In “Tali/Khali (Empty Beat),” Brandon aka Bunty Singh uses a concept from Hindustani classical music and Sikh music traditions to interrogate the dynamics of live performance and vernacular media practice in the Punjabi and diasporic Sikh community. Khāli means “empty,” and is contrasted with tāli, meaning “clap/beat.” While the latter indicate beats to be emphasized in a rhythmic cycle, the former indicate a lack of a clap, making the beat unemphasized and thus empty. Here, media infrastructures take on the nature of the emphatic, with electricity responsible for the empty ground of possibility, for the transmission of a beat. The conspicuous absence of the performer corresponds to the empty beat: the emphatic presence of the performer surfaces only in the midpoints and endpoints of media transmission processes. The identity of the absent performer also brings up questions of center and periphery in the context of a newly globalizing religious tradition. However the removal of a performer suggests both the moral imperative to diminish ones ego (haumai) within Sikh religious thought, while also critically assessing the agency of mediated transmission in religious performance adjuncted by electronic media. Likewise, removal of the performer’s live presence emphasizes the notion that creative processes are not, as in Sikh religious thought and in process philosophy, the products of individual human agency—they are, rather, inflorescences of the Divine.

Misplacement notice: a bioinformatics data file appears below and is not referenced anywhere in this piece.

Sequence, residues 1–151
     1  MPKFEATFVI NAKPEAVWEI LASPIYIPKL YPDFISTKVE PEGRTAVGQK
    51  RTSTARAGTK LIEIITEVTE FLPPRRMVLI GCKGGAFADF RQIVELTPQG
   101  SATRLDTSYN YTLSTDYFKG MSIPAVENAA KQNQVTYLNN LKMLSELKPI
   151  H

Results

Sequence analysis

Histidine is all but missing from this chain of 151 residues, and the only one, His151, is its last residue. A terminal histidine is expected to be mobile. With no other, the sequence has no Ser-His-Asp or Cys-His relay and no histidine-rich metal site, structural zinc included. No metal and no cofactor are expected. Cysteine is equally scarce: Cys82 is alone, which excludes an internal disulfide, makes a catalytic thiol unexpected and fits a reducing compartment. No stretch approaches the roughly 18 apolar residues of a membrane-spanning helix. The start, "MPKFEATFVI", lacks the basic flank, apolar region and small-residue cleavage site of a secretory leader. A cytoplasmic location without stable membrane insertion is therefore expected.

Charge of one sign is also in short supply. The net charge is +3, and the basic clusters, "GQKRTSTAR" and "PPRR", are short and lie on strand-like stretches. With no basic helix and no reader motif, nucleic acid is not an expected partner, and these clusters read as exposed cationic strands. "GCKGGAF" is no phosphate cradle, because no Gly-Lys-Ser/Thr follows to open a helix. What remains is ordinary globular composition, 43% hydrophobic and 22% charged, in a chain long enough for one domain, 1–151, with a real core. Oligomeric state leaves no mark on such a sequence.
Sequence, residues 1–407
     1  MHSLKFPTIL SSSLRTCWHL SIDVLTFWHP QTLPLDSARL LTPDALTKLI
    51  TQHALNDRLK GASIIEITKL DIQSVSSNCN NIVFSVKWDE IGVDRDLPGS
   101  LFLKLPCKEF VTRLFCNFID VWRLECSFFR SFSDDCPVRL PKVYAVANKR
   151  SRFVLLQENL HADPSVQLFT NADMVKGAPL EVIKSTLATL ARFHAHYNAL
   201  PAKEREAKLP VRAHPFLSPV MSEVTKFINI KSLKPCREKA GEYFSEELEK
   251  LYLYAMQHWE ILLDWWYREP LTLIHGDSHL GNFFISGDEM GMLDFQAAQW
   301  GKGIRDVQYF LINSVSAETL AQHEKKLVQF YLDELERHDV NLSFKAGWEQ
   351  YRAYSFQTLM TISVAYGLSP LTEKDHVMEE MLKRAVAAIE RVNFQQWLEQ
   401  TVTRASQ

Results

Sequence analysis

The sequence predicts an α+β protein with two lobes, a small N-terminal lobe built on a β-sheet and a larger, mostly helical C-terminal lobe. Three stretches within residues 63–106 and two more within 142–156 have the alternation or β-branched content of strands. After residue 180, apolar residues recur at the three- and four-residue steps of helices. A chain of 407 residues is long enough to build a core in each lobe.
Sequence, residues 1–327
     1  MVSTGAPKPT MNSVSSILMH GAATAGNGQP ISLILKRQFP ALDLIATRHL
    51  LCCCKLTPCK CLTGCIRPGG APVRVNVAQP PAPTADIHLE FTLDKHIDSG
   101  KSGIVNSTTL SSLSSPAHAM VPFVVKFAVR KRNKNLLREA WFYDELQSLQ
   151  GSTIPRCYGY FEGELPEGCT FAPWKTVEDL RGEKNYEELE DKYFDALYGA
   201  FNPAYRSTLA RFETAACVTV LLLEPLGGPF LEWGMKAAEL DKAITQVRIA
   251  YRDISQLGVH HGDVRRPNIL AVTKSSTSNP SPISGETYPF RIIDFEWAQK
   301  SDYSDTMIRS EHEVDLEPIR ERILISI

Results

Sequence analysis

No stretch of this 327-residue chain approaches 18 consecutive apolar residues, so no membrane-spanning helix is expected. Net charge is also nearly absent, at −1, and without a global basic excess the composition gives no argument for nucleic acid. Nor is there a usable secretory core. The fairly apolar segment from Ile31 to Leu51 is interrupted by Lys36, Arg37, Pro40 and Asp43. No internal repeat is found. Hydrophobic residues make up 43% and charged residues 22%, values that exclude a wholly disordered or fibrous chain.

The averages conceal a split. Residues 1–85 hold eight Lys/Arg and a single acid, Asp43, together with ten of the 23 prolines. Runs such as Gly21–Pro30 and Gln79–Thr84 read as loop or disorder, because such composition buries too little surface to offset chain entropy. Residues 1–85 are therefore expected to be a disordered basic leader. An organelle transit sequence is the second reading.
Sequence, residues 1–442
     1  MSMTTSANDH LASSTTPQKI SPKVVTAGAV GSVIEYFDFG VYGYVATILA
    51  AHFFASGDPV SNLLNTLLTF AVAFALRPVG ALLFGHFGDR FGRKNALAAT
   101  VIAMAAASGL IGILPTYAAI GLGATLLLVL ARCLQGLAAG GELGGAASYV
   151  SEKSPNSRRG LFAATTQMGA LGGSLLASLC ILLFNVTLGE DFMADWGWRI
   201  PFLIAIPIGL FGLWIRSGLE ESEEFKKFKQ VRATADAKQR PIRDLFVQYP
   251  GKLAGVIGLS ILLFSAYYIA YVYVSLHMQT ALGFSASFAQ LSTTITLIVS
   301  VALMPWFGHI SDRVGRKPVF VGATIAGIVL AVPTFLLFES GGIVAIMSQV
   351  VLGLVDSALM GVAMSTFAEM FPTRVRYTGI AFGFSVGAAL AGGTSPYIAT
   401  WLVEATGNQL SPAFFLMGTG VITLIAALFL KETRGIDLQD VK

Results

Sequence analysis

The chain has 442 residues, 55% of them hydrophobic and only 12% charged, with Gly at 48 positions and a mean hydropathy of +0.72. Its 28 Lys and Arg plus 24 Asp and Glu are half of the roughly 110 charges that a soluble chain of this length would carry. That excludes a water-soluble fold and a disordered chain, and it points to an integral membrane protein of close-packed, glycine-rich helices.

The garden. A butterfly alights a flower, flutters and flies away. Bhai Vir Singh speaks to two visitors walking in his garden:
“Dear Disciple of the Guru, having seeing this, what did you see?”
Visitor 1: I saw a butterfly come, sit on a flower, then fly away.
Visitor 2: I saw one beauty kissing another. What did you see, Bhai Sahib?
Bhai Vir Singh: “Godself is delighted with God’s very own Sweet Nectar, God Themself is the Enjoyer of All.”
(As told by Dr. Jaswant Singh Neki in his memoir Asal Vidya (Sakrit Trust, Ludhiana, Punjab, India))